soma_seeker
#4 Posted : 7/8/2011 12:33:33 AM

DMT-Nexus member


Posts: 45
Joined: 19-May-2011
Last visit: 12-Oct-2016
Location: Rio de Janeiro, Brazil
I've heard nothing on this species one way or the other, so I can't constructively contribute here except to say wouldn't it be wonderful if there was a Queensland native species that held this quantity of actives Very happy

As far as I'm aware one has to travel further south to be confident of finding an active Acacia species (hopefully I'm wrong....).

Best of luck finding a conclusion, I'll be keen to hear it!
 
SKA
#5 Posted : 7/8/2011 2:12:44 AM
DMT-Nexus member


Posts: 1104
Joined: 17-May-2009
Last visit: 21-Jan-2020
I also read A.Podalyriifolia had that insanely high DMT content. It was on Wikipedia and I believe their source is Trout's notes.
But checking the source-link at the bottom of the wiki-page brought me to a wierd Trout's notes-website that looked very unprofessional and hectic.
Couldn't find more about Acacia Podalyriifolia. I've been quite bent on obtaining and growing A.Podalyriifolia, but now I'm not so sure.
 
nen888
#6 Posted : 7/8/2011 3:04:46 AM
member for the trees

Acacia expert | Skills: Acacia, Botany, Tryptamines, CounsellingExtraordinary knowledge | Skills: Acacia, Botany, Tryptamines, CounsellingSenior Member | Skills: Acacia, Botany, Tryptamines, Counselling

Posts: 3870
Joined: 28-Jun-2011
Last visit: 01-Dec-2020
Quote:
(Chemotaxonomie der Pflanzen By Robert Hegnauer 1994) Springer

this is the only quoted source, which i don't have myself. so if anyone does can you please double check.
however, i have taken notes from this reference when i had access a while ago, and Hegnauer's findings on other acacias correlate strongly with others tests..
a friend of mine ('M'Pleased did silico-tungusic acid reagent tests on a sample of leaf and got a DMT colour spot (referenced to P. viridis), no measurement
of % on this occasion.
[Trout's Notes (i believe) have to be either subscribed to, or purchased in print form (my vrsn.). If site inactive try searches.]
probably one for the dedicated researchers
but, based on past experience, i'd say not enough tests in enough different regions(& seasons) have been done to reach a conclusion yet.

beautiful tree to grow, anyway...Smile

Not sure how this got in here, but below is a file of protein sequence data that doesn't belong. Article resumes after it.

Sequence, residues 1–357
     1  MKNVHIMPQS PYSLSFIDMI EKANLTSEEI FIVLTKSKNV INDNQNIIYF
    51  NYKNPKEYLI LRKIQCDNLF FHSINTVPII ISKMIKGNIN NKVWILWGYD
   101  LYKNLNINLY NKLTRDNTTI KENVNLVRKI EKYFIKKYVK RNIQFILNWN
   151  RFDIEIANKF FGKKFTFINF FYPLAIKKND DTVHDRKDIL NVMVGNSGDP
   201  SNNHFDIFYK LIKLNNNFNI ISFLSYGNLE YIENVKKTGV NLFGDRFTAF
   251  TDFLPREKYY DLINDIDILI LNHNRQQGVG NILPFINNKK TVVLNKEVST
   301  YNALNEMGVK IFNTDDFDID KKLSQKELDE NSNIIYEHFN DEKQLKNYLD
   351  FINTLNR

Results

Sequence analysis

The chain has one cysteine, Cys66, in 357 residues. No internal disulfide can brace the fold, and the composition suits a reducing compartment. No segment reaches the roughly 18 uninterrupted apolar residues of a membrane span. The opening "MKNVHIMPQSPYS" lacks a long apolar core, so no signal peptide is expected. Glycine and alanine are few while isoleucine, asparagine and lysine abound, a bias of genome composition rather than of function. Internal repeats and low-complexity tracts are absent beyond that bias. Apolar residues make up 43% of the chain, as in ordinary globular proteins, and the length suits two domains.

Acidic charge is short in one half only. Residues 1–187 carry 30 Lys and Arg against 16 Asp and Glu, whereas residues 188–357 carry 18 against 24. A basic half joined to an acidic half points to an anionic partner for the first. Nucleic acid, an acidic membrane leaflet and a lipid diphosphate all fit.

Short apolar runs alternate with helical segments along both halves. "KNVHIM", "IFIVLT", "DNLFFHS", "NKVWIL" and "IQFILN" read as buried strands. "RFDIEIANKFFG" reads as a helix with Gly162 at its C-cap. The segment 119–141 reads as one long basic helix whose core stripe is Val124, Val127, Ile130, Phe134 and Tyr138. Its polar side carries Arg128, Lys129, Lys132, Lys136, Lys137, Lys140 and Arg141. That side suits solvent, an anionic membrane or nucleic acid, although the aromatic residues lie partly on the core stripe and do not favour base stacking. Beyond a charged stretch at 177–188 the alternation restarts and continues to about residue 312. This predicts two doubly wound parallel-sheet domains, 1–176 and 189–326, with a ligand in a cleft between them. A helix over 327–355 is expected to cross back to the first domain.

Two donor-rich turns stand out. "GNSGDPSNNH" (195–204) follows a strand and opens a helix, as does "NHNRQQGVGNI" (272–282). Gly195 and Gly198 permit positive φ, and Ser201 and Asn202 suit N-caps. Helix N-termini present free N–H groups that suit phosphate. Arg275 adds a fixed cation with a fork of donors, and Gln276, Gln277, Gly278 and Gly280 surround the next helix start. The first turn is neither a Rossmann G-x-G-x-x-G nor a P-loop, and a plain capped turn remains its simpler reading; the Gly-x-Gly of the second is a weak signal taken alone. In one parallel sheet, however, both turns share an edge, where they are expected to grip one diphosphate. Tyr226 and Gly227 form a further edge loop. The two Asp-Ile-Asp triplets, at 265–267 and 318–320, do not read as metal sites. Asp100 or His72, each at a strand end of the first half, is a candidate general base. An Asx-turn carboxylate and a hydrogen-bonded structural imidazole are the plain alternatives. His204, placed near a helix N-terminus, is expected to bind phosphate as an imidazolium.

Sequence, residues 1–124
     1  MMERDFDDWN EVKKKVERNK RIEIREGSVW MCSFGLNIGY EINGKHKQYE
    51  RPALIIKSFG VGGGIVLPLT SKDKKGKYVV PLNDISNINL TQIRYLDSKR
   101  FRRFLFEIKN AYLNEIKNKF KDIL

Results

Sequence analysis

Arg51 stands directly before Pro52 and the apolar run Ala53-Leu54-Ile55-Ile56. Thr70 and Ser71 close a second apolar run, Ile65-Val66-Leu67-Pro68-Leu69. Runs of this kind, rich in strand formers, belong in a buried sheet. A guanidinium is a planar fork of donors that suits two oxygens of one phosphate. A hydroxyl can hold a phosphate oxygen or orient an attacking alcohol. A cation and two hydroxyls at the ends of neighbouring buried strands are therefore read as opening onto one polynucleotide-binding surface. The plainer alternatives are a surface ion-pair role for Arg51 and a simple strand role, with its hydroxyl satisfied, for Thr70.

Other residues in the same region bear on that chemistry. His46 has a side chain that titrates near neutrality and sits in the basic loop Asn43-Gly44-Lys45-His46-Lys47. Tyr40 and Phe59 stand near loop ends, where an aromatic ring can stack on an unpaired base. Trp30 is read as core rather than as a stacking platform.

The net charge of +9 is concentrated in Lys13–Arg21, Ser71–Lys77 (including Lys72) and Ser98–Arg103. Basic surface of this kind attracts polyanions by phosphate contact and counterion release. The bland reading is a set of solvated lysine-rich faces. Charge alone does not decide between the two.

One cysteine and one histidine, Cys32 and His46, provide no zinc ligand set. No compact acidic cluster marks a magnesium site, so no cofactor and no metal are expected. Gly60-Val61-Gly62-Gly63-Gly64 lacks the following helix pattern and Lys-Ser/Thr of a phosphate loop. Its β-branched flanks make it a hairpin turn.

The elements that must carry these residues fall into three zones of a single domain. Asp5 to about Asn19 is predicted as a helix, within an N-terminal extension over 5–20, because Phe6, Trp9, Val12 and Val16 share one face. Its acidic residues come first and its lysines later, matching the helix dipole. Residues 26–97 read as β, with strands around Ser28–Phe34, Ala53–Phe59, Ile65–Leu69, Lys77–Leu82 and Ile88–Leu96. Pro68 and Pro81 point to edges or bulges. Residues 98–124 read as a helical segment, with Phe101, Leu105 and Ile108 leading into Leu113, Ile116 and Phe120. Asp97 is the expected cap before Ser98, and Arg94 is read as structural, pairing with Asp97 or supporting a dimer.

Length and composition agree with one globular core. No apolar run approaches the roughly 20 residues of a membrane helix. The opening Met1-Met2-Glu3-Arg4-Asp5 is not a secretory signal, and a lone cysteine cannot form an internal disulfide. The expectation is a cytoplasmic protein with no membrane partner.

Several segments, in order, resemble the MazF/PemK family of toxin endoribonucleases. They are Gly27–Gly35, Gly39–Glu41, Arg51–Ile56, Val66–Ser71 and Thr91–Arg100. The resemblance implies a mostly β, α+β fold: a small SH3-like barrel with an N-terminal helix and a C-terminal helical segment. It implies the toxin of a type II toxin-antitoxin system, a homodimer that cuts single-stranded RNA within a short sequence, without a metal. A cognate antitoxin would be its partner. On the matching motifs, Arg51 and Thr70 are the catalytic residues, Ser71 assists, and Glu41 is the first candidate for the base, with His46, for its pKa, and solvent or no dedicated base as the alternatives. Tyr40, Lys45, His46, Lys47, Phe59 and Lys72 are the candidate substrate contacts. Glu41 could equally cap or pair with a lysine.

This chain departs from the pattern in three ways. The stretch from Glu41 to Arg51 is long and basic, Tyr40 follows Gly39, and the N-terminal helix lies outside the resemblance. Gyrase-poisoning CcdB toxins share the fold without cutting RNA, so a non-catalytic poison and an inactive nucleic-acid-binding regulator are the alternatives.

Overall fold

wira
#7 Posted : 9/5/2011 3:22:20 PM

DMT-Nexus member


Posts: 163
Joined: 18-Jul-2011
Last visit: 15-Jul-2021
The claim of DMT in this species is not supported by anything in Trout's Notes nor in Chemotaxonomie der Pflanzen. Who knows where that one came from!
 
nen888
#8 Posted : 9/6/2011 2:37:09 AM
member for the trees

Acacia expert | Skills: Acacia, Botany, Tryptamines, CounsellingExtraordinary knowledge | Skills: Acacia, Botany, Tryptamines, CounsellingSenior Member | Skills: Acacia, Botany, Tryptamines, Counselling

Posts: 3870
Joined: 28-Jun-2011
Last visit: 01-Dec-2020
..it's good to start pinning this information down, & this is certainly an interesting rumour..
i know that a number of acacias have been scientifically studied but not published (A.longifolia var.sophorae for example), but i can't access/make public this source right now..

..if someone sees an acacia and has a strong intuitive impulse they should try extracting it..only a very small number of formal tests have been done compared to what's out there...
 
AlbertKLloyd
#9 Posted : 9/6/2011 3:23:50 AM

DMT-Nexus member


Posts: 1453
Joined: 05-Apr-2009
Last visit: 02-Feb-2014
Location: hypospace
In KTrouts book Some Simple Tryptamines the only entry for this species is under tryptamine.
The data reads:

Major alkaloid in stem and leaf, White 1951
Stem and leaf 0.29% total alkaloids, unripe seedpods 0.11% White 1957

From leaves. Balandrin et al 1978

Leaf and also stem bark negative for alkaloids by Smolenski et al 1973

So according to Trouts notes this species contains only tryptamine and doesn't always test positive for alkaloids.